Re-thinking college education in Bhutan

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Our country is still in her early stage of democracy. Even so, we have witnessed how undesirable party politics has become in the recent years. Our people are now more alienated from one another than they were a decade or so ago.

Pursuing Sustainable Public Procurement for Gross National Happiness

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As economic development takes place, the need for increased consumption and production puts pressure on the environment and its limited resources to fulfil unlimited needs.

Our Gyalsey: The future echoes history

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His Royal Highness the Gyalsey is Jigme Namgyel Wangchuck, a name that bears the weight of history, echoes the promise of the future, and frames his own destiny.

Significance of the Birth of The Prince His Royal Highness Gyalsey Jigme Namgyel Wangchuck

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With the naming of the Prince as HRH Gyalsey Jigme Namgyel Wangchuck at Punakha Dzong yesterday on the holy occasion of Zhabdrung Kuchoe, the past, present and future of Bhutan came together.

The advent of Zhabdrung Rinpoche

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Zhabdrung’s first glimpse of Bhutan

Addressed in his life as Kuzhab Rinpoche, Gyalsey Zhonu, Palden Drukpa Rinpoche, Thuchen Ngawang Namgyel, Ngawang Dudjom Dorji, Ngawang Tenzin Nampar Gyalwa Jigme Dragpa, Ngagi Wangpo Nampar Gyelbai De, Naropai Gyetshab Gyurmed Ngawang Norbu Wangpoi De and many other titles,

Tracking local effects of global climate change: Phenology and citizen science

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The first indication in Thimphu that winter is behind us and spring has arrived is the bursting of flower buds of apricot trees towards the end of February, followed by peach, pear and apple trees in March and April. Every year, these attractive tree-full white and pink blossoms cheer up and buoy up the residents with tons of happiness and joy.

Towards democracy

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Making small incremental steps is more effective in building a democracy than waiting for major change to happen, according to 13 political leaders from nine countries who have led their countries to democratic change.

“We will never forget the grateful assistance rendered to us by Bhutan”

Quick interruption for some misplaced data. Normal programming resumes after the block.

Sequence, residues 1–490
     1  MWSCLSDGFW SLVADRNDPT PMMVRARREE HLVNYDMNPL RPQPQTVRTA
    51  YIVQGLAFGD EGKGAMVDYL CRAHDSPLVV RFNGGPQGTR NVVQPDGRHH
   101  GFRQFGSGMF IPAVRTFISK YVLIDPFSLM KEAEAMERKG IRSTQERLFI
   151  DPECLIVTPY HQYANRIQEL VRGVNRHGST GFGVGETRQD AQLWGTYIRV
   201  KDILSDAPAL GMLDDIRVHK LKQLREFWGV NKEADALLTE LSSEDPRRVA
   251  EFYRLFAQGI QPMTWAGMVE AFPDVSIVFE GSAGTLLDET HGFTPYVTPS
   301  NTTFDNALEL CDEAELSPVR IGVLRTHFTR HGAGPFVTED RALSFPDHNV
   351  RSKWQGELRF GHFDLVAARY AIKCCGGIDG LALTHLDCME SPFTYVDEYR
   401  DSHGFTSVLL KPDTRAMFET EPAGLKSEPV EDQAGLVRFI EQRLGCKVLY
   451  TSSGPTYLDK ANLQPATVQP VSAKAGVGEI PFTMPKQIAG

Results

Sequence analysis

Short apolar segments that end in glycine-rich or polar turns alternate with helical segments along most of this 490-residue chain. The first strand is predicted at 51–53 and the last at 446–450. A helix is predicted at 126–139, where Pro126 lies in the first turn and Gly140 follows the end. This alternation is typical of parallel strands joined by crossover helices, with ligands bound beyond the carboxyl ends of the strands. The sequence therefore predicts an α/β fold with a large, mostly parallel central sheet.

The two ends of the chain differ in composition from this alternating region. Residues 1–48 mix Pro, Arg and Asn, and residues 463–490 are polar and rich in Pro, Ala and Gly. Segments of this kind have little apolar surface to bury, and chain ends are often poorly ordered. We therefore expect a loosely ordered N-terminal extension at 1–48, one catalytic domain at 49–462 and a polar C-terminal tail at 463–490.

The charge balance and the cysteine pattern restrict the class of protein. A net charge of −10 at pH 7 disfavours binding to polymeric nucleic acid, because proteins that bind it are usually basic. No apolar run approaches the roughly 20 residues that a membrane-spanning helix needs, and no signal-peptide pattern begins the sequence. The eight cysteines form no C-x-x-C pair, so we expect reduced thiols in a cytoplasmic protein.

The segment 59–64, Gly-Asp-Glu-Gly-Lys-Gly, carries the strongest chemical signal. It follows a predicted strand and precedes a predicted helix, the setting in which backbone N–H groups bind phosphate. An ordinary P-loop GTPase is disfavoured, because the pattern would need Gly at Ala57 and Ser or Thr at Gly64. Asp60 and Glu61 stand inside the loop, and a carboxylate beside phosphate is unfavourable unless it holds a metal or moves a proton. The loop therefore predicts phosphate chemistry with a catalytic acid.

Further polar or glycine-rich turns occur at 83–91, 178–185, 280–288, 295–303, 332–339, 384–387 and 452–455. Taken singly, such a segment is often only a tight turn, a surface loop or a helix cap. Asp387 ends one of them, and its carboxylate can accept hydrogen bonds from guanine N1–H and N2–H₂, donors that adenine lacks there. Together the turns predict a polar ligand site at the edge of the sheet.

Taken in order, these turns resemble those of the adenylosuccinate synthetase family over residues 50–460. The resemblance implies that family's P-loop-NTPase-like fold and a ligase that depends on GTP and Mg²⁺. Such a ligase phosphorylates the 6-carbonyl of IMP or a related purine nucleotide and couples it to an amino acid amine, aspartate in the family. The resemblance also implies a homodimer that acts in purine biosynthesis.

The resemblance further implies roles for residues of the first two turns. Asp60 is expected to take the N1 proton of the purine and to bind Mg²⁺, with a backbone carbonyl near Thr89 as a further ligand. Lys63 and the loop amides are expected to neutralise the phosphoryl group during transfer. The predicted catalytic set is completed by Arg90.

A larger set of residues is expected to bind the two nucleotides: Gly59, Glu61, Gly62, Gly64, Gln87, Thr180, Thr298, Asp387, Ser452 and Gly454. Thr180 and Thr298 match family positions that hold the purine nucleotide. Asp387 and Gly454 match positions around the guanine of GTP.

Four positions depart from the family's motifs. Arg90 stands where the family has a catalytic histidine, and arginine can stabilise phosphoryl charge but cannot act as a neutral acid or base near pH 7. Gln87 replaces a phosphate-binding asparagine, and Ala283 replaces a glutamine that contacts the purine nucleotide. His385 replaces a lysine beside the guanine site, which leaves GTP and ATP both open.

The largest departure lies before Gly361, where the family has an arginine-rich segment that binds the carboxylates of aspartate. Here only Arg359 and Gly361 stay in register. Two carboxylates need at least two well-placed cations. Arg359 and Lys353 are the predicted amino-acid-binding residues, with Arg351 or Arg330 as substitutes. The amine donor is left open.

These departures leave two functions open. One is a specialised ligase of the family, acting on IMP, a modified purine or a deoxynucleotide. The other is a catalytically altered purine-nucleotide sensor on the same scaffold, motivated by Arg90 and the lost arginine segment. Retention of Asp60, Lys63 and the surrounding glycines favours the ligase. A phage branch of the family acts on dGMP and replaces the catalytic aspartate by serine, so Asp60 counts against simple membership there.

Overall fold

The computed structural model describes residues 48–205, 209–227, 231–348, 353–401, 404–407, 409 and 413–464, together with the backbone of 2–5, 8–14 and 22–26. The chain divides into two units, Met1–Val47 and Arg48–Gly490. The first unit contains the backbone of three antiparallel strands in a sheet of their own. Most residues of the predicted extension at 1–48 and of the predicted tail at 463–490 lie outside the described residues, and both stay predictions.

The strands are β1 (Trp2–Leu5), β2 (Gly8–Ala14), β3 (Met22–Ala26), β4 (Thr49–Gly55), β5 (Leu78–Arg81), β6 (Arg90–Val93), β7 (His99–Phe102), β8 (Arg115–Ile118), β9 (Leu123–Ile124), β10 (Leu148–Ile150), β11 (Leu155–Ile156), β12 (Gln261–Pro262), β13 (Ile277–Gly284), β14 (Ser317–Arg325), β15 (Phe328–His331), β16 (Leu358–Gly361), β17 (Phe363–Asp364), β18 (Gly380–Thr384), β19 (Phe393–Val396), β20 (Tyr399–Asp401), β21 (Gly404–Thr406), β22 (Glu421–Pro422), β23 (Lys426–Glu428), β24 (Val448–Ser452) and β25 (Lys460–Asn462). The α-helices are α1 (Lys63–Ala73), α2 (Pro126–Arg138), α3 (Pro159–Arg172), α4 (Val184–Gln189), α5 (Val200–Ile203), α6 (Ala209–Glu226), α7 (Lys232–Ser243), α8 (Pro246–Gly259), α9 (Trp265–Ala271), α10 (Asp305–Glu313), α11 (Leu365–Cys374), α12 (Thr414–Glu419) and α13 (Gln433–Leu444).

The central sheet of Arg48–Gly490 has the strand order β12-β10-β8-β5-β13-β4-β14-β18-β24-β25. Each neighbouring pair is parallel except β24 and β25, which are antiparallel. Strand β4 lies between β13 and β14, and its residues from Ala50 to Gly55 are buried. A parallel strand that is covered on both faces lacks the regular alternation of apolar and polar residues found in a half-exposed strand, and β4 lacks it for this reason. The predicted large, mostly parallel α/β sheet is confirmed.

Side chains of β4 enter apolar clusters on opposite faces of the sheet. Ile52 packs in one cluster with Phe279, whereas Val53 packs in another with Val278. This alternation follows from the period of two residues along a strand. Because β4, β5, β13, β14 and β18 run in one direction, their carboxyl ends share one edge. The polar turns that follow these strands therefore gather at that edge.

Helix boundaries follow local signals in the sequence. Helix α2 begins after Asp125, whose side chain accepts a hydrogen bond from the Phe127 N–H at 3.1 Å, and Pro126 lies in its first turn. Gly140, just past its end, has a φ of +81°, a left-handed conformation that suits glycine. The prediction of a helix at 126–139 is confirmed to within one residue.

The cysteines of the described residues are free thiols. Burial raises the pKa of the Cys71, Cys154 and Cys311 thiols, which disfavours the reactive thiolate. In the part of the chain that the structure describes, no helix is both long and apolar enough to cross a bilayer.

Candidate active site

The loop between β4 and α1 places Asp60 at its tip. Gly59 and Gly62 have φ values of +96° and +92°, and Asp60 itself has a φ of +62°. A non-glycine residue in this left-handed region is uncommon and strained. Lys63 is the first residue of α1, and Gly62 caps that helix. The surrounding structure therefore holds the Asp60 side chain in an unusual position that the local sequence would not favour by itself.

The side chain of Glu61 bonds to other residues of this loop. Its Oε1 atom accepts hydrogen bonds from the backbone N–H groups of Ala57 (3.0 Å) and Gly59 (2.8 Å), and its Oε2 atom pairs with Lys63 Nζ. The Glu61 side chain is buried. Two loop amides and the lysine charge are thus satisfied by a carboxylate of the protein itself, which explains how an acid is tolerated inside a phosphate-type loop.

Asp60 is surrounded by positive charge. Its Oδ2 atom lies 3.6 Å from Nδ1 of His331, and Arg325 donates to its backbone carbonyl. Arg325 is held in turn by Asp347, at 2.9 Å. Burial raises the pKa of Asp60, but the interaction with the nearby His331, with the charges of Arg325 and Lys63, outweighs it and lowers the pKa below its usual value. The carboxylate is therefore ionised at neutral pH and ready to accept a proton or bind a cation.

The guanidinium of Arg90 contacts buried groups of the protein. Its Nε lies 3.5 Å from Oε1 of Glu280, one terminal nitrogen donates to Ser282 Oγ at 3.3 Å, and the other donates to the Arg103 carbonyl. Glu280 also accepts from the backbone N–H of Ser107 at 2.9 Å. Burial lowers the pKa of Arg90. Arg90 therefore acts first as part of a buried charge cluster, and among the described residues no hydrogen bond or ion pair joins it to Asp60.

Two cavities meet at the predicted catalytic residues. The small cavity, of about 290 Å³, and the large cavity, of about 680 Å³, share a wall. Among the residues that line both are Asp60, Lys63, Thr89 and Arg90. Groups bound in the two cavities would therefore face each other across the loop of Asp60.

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A message from Ambassador Kenji Hiramatsu of Japan to Bhutan on the occasion of the five-year commemoration of the great east Japan earthquake

Five years have passed since the Great East Japan earthquake hit the Tohoku region on March 11, 2011. I, as the Ambassador of Japan to the Kingdom of Bhutan, take this opportunity to express my deep condolences for the victims and their bereaved families.

How to lose weight … all but unwittingly

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The manner in which a midriff (among others) can trim itself without one’s overly bending over backwards

PART Three

How a school of music can help one to get behind the eight ball and keep in shape   MY dream of rock stardom that I ended my say with last week died young, alas, although the embers still glow, albeit on a backburner.

The Prince and Bhutan’s Future

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The prince was born at the closing of a propitious year when Bhutan built significant lasting monuments and embarked on founding a few more.

Cut-off policy cutting too deep

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What is the point in investing so much in educating our children and then cutting them off midway?

How to lose weight … all but unwittingly

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The manner in which a midriff (among others) can trim itself without one’s overly bending over backwards

PART TWO

Straying off course for the sake of a story that simply cries out to be told

MY closing remark on quakes and their telling impact on attic dwellers that I ended part one of this piece with last week reminds me of a yarn I’d heard of late — and I do beg your forgiveness for this passing aside that the raconteur in me just can’t resist.

How to lose weight … all but unwittingly

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PART ONE Why this article? To plead its cause and, in the bargain, grab some eyeballs THE first point one might raise on spotting the title of this light take on an issue of some gravitas is: does it merit precious space in the hallowed columns of a national newspaper?